The objective of this study was to develop crash modification factors (CMFs) and estimate the average crash costs applicable to a wide range of road-barrier scenarios that involved three types of road barriers (concrete barriers, W-beam guardrails, and high-tension cable barriers) to produce a suitable basis for comparing barrier-oriented design alternatives and road improvements. The intention was to perform the most comprehensive and in-depth analysis allowed by the cross-sectional method and the crash data available in Indiana. To accomplish this objective and to use the available data efficiently, the effects of barrier were estimated on the frequency of barrier-relevant (BR) crashes, the types of harmful events and their occurrence during a BR crash, and the severity of BR crash outcomes. The harmful events component added depth to the analysis by connecting the crash onset with its outcome. Further improvement of the analysis was accomplished by considering the crash outcome severity of all the individuals involved in a crash and not just drivers, utilizing hospital data, and pairing the observations with and without road barriers along same or similar road segments to better control the unobserved heterogeneity. This study confirmed that the total number of BR crashes tended to be higher where medians had installed barriers, mainly due to collisions with barriers and, in some cases, with other vehicles after redirecting vehicles back to traffic. These undesirable effects of barriers were surpassed by the positive results of reducing cross-median crashes, rollover events, and collisions with roadside hazards. The average cost of a crash (unit cost) was reduced by 50% with cable barriers installed in medians wider than 50ft. A similar effect was concluded for concrete barriers and guardrails installed in medians narrower than 50ft. The studied roadside guardrails also reduced the unit cost by 20%–30%. Median cable barriers were found to be the most effective among all the studied barriers due to the smaller increase in the crash frequency caused by these barriers and the less severe injury outcomes. More specifically, the occupants of vehicles colliding with near-side cable barriers tended to have less severe injuries than occupants of vehicles entering the median from median’s farther side. The near-side cable barriers provided protection against rollover inside the median and against a potentially dangerous collision with or running over the median drain; therefore, the greatest safety benefit can be expected where cable barriers are installed at both edges of the median. The CMFs and unit crash costs for 48 road-barrier scenarios produced in this study are included in this paper.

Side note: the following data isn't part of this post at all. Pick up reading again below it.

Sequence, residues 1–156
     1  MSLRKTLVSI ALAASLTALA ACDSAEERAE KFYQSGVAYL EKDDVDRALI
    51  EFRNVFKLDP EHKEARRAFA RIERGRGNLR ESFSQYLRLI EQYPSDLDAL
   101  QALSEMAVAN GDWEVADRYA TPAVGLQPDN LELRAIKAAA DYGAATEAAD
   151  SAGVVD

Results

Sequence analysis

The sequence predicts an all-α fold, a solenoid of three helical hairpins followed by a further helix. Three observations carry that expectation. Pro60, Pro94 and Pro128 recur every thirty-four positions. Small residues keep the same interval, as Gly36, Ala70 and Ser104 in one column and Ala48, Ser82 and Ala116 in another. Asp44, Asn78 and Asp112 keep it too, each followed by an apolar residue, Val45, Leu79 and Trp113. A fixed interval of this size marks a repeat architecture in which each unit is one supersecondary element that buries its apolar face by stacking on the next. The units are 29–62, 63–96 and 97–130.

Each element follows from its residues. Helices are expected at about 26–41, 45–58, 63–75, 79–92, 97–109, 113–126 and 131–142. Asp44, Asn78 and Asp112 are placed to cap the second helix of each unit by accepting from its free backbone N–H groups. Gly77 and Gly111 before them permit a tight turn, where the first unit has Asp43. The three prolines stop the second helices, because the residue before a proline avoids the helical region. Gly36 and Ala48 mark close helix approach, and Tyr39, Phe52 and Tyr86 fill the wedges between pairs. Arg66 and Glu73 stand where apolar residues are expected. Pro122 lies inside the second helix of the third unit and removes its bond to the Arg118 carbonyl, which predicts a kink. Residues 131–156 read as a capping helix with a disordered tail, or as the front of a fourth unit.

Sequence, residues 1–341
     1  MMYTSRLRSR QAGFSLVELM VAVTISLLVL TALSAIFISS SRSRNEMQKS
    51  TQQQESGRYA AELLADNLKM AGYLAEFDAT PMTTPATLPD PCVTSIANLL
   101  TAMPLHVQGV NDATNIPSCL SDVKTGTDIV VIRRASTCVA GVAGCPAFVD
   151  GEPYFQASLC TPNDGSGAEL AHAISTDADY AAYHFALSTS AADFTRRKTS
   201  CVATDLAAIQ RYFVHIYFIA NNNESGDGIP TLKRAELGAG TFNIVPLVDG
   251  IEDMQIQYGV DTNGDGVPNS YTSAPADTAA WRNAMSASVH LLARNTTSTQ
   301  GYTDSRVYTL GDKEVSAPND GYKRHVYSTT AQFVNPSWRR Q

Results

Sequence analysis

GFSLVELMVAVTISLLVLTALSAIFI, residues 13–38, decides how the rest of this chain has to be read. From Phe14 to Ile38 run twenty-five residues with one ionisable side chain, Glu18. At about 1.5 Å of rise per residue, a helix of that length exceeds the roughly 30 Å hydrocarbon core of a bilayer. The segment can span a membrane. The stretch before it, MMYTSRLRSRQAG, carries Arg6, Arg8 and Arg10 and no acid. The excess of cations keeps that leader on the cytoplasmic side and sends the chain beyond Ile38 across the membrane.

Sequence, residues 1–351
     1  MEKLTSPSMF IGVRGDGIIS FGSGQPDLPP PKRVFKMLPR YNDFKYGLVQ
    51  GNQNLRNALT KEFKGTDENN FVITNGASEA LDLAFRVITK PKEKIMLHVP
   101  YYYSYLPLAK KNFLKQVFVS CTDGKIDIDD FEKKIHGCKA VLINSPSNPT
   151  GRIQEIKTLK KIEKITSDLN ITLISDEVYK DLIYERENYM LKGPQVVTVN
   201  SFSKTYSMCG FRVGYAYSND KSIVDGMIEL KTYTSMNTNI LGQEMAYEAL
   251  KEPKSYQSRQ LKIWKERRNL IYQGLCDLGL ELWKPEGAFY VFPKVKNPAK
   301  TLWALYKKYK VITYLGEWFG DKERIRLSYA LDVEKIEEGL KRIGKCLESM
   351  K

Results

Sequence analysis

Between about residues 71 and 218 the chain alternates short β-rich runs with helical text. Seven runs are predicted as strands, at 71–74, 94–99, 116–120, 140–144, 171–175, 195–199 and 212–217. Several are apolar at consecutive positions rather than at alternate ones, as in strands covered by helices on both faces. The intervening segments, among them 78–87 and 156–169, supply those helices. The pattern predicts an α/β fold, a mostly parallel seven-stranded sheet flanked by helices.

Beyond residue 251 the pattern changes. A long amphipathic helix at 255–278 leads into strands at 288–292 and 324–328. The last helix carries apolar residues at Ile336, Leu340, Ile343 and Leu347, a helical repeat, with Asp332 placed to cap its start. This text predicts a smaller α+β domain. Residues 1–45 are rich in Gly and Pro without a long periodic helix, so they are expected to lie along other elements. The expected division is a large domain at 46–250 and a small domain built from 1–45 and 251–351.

PubDate: 2017-11-24T16:28:49Z
      DOI: 10.1016/j.aap.2017.11.020
      Issue No: Vol. 111 (2017)
  • Correlates of fatality risk of vulnerable road users in Delhi
    • Authors: Rahul Goel; Parth Jain; Geetam Tiwari
      Pages: 86 - 93
      Abstract: Publication date: February 2018
      Source:Accident Analysis & Prevention, Volume 111
      Author(s): Rahul Goel, Parth Jain, Geetam Tiwari